Cambridge 7th to 9th September
article posted 27 Apr 2015
Dr Bridget Stewart is a Principal Scientist with the Materials Processing Institute.
She studied Chemistry at the University of Newcastle followed by a PhD Scholarship
in Glass Chemistry at the University of Aberdeen. Her PhD thesis, supervised by
Prof. John Duffy, concerned the optical basicity of sites for metal ions in oxide-based
glasses. The work was linked to metallurgical slags and she joined British Steel as a
slag chemist at the Scunthorpe Works before moving to the British Steel Research
centre in Teesside. She has since gone on to lead Corus's and Tata Steel's research
work in her specialist fields of continuous casting mould powders, as-cast surface
quality and oxide scale formation. This has included many international multi-partner
projects, with other research institutes, universities and steel companies in Europe,
which she has led as the Project Coordinator.
Dr Stewart spent two years as the Senior Lecturer in Materials Engineering at Teesside
University and combines her current role at the Institute with that of Visiting Lecturer
at Teesside. She is an Expert Evaluator in the Steel Area for the European Commission
and in 2011/12, she was President of the Cleveland Institution of Engineers (Affiliated
Scattering light using glasses and crystals in order to optimise
the surface quality of continuously cast steels
Bridget Stewart (née Harris)
Materials Processing Institute, Eston Road, Grangetown,
Middlesbrough, TS6 6US, UK .
A target of all continuous casting operators is the ability to cast all grades free of surface defects.
Mould powders are key to the control of initial metal solidification and optimisation of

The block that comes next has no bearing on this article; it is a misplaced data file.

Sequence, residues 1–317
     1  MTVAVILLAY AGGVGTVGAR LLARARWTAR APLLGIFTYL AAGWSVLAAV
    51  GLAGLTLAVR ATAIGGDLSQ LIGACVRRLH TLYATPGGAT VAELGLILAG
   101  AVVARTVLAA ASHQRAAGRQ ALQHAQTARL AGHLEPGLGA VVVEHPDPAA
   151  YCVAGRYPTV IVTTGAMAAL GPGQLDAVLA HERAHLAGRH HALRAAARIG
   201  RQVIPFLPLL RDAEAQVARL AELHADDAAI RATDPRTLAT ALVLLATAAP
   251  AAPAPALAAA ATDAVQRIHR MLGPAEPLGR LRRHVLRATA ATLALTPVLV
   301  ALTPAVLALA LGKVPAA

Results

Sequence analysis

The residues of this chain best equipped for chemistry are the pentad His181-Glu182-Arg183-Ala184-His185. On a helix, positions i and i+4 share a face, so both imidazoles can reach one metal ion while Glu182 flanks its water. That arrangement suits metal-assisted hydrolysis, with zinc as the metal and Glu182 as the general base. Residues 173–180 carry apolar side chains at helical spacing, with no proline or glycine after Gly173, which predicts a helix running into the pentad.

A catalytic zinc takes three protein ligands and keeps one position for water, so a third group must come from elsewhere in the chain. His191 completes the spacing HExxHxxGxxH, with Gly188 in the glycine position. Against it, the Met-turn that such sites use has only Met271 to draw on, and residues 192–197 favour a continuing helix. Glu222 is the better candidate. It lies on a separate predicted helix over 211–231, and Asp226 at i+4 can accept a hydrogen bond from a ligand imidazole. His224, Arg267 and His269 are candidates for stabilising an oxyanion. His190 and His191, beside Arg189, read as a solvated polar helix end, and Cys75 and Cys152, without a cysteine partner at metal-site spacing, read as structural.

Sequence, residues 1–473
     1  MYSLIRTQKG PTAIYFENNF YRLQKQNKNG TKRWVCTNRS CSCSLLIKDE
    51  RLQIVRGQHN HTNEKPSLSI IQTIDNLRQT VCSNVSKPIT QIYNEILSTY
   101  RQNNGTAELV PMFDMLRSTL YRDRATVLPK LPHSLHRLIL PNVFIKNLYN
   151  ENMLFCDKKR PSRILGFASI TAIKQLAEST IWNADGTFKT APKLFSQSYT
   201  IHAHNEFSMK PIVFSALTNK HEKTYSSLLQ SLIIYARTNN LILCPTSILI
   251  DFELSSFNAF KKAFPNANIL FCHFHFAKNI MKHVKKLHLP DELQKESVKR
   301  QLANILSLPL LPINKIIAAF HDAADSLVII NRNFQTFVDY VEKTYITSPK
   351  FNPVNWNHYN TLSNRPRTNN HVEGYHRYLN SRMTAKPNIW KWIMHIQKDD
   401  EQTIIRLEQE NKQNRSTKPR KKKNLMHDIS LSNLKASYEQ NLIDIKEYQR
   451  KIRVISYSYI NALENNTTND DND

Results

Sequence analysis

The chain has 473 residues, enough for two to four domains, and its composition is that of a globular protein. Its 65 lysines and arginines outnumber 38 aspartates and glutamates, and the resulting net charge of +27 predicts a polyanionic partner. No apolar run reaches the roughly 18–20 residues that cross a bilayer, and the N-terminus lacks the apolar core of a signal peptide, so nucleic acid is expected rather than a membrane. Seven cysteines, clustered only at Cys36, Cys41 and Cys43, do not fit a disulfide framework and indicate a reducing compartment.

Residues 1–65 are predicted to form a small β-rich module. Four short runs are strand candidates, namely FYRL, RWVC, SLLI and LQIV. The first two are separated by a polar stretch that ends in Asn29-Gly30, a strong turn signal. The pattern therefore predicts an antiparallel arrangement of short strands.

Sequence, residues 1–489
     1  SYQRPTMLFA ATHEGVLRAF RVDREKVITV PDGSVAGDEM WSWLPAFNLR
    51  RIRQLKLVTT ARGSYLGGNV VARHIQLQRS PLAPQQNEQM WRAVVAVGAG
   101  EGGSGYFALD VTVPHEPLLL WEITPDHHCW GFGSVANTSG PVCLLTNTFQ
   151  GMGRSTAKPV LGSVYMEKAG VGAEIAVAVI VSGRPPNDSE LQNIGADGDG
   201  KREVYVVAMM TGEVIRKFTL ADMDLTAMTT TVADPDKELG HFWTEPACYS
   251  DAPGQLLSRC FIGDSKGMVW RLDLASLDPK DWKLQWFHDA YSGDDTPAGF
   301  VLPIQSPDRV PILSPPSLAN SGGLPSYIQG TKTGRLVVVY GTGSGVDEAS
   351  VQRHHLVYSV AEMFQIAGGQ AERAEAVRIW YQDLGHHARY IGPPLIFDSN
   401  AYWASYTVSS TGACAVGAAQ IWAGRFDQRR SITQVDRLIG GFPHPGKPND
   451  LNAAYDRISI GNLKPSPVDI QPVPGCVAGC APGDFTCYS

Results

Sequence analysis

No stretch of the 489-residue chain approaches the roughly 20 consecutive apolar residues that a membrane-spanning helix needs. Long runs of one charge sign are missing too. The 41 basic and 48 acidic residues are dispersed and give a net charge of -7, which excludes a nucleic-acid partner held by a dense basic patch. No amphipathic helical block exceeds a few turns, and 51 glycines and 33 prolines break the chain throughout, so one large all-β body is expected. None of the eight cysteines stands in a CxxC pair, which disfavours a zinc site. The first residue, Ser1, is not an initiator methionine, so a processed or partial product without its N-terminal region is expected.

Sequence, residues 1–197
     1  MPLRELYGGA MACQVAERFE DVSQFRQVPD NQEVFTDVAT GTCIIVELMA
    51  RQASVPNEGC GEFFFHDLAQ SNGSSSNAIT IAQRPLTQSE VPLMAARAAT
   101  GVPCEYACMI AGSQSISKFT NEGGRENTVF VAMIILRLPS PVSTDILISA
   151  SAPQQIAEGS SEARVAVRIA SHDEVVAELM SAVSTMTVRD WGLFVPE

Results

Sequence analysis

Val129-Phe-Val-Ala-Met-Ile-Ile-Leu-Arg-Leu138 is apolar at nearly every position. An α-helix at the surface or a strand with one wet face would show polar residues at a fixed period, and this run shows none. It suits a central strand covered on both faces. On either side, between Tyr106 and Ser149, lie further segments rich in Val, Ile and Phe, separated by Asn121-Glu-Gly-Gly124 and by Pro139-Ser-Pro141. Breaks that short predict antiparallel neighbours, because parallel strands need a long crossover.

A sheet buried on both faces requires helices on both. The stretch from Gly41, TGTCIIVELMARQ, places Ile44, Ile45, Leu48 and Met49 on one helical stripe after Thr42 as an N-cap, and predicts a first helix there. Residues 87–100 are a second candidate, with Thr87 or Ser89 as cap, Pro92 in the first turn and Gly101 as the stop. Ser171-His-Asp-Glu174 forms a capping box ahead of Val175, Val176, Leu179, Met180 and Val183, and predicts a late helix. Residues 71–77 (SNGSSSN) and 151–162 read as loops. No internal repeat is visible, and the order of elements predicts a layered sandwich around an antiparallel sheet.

continuous casting mould operations. These powders are a mixture of several mineralogical
components and carbon. Typically they comprise
, F and C
with minor amounts of metal oxides such as MnO, Li2
MgO and Fe2
The powders are fed onto the surface of the molten steel, where upon they begin to melt,
forming first a sinter layer then a mushy layer and eventually a liquid flux pool.
Liquid slag from this pool infiltrates the gap between the mould and newly solidified
steel strand. Some of this lubricates the newly-formed steel shell. However, most of the
liquid freezes against the water-cooled copper mould, to form a slag film, which may
crystallise over time. The phase transformations and glass:crystalline ratio in this film
are critical to the rate of heat transfer from steel to mould. The aim of the mould powder
investigator is to tune the powder properties to suit the casting conditions and steel type.
Traditionally, fluorine has been added in order to generate cuspidine
as the major crystalline phase precipitating from the predominantly
glassy slag. However, fluorine has been found to have a detrimental effect on the
environment and equipment life. This paper discusses recent and current approaches
to optimising the scattering of radiation in order to control the rate of heat transfer,
with a focus on reducing the need for fluorine.